Cars and smartphones are enjoying an increasingly fruitful courtship as technology’s constantly revving motor continues to make them both more convenient and integrated than ever.
As part of that synergy, a group of smartphone manufacturers and automakers have formed the Car Connectivity Consortium, which describes itself as “an organization driving global technologies for smartphone-centric car connectivity solutions.”
A digital car key — would you use it?
This week, the organization announced the latest big innovation smartphone-to-car connectivity, the Digital Key Release 1.0 specification. The group hopes this downloadable key can become the standardized way that smart devices can become the driving forces in future vehicles.
Here’s how a digital key would work: The driver would be able to download the Digital Key and, using an authorization code, be able to start and stop the engine, talk to other smart devices and even securely transfer the key to other people. As you can imagine, the key can also be updated to have even more functionality.
A white paper posted on the consortium’s website shares the following two use-cases for the digital key:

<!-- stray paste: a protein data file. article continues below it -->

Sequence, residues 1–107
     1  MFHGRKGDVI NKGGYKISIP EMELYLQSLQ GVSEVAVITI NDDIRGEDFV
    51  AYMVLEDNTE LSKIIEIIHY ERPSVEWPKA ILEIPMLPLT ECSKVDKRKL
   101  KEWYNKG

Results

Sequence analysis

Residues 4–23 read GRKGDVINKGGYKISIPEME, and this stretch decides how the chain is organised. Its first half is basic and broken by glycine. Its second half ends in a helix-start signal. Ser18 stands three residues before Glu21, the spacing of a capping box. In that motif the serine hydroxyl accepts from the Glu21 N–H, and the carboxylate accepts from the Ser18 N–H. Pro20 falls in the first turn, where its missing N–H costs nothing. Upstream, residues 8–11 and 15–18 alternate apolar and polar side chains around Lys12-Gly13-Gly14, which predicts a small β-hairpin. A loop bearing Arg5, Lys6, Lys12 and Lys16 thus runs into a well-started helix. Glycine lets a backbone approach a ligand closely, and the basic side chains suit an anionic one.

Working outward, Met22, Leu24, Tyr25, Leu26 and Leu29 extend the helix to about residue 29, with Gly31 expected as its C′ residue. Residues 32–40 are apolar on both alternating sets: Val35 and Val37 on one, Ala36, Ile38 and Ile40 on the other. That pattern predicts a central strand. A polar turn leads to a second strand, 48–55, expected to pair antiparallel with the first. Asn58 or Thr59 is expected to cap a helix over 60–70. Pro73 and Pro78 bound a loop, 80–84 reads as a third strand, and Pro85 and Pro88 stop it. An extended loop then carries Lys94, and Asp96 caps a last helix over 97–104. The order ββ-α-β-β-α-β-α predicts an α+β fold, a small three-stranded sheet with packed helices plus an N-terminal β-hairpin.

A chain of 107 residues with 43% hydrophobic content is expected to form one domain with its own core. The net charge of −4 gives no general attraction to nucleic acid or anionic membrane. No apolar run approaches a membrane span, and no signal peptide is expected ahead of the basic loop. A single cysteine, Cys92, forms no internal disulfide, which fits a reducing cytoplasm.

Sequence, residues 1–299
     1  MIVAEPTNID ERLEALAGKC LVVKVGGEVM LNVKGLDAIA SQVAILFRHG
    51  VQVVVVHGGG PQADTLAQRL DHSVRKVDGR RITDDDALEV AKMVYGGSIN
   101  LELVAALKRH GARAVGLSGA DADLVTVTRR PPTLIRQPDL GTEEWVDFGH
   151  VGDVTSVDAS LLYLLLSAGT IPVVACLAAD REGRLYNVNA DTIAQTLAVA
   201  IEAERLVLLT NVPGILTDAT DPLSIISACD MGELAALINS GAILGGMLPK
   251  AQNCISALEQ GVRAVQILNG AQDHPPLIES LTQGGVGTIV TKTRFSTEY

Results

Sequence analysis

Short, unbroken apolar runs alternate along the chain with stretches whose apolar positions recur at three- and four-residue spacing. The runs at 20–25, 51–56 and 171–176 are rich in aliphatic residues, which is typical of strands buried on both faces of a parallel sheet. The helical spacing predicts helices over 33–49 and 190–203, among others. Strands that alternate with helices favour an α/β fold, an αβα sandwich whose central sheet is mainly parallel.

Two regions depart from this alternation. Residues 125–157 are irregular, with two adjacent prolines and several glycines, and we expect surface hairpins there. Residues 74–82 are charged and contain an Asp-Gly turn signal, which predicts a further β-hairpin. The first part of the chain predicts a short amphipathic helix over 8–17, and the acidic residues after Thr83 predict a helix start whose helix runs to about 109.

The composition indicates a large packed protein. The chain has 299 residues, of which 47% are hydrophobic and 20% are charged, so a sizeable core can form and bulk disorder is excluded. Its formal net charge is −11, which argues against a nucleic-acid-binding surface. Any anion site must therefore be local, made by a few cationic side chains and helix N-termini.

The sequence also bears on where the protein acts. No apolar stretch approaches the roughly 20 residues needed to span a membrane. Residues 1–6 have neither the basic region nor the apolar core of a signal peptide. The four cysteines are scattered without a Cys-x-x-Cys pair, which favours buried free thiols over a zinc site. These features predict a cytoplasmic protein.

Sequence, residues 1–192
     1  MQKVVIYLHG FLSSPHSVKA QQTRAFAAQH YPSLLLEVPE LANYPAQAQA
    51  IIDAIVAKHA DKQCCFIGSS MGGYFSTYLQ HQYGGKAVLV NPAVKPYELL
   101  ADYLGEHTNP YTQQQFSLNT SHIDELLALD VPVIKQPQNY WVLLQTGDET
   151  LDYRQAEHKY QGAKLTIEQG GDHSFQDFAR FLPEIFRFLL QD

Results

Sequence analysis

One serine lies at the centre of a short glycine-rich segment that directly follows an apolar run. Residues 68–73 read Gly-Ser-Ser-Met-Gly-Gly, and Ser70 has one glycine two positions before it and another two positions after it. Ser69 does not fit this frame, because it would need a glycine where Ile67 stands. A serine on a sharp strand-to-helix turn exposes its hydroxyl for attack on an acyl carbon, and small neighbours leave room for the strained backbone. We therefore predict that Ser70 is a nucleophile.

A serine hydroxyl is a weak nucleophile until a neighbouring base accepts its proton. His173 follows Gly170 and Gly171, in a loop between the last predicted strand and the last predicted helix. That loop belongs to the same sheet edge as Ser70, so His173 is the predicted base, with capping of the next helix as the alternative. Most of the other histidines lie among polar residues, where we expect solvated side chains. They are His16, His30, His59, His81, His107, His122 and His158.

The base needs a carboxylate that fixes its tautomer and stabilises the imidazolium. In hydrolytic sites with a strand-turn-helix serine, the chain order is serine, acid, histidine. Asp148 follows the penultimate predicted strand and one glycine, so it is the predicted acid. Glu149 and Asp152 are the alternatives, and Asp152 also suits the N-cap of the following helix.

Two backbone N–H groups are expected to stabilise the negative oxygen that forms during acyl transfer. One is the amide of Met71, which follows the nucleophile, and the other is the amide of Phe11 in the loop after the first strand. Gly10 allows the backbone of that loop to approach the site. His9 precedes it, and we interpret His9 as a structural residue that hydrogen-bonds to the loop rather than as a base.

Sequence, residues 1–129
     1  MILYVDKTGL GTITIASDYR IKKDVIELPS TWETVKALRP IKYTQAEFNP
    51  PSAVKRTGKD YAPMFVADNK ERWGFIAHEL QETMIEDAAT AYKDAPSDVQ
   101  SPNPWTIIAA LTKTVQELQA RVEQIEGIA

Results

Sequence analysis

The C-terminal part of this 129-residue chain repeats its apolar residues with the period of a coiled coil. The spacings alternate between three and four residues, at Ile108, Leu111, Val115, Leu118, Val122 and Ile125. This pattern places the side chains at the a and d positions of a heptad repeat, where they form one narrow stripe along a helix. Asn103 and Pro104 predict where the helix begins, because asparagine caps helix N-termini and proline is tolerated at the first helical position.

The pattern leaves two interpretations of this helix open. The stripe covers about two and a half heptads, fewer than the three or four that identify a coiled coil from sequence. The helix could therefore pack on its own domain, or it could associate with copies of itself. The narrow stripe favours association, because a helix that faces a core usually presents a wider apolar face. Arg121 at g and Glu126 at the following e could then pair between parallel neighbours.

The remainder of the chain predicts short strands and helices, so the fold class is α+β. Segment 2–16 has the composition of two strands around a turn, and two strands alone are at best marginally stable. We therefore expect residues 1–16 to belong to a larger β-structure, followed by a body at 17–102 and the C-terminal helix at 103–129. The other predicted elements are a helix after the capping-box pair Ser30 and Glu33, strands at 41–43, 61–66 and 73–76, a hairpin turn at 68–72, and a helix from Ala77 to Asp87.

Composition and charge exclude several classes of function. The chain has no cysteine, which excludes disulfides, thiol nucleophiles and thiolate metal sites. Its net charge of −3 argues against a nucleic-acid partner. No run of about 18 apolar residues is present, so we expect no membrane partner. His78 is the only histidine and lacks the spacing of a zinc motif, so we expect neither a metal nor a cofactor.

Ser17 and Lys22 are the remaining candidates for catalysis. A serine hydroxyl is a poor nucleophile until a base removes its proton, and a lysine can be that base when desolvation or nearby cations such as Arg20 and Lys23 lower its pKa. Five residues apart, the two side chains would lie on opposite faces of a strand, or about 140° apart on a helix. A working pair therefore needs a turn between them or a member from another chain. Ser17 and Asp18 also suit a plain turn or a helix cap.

- This use case is also known as Passive Entry. The system will unlock/lock the vehicle door when the driver is in/out close proximity to the car without any user interaction with the smart device. From the user perspective the driver is “recognized” by the vehicle. The definition and accuracy of “close proximity” plus a number of localization and security aspects need to be defined for this use case.
- A user far in range from the Digital Key owner can be granted temporary access via long range communication connections.
The consortium also hopes the Digital Key solves the issue of security, which continues to be a problem for drivers around the world.
Before you scoff, it’s good to know that some major automakers, including BMW, Hyundai and Volkswagen, have already signed on, according to tech site Engadget.com. Mobile companies Apple, LG and Samsung are on board and many more companies are interested.
The consortium says the digital key will work with existing wireless technologies like Bluetooth, Global Platform, NFC (near-field communication) and the protocols established by GSMA (Groupe Spéciale Mobile Association), the international mobile phone organization.
Don’t get rid of your car keys just yet, though. The consortium doesn’t have a date on when the Digital Key will be ready for the road. Until then, here’s how to solve one of the most common key-in-ignition problems.
Would you use the Digital Key with your vehicle when its available? Let us know in the comments.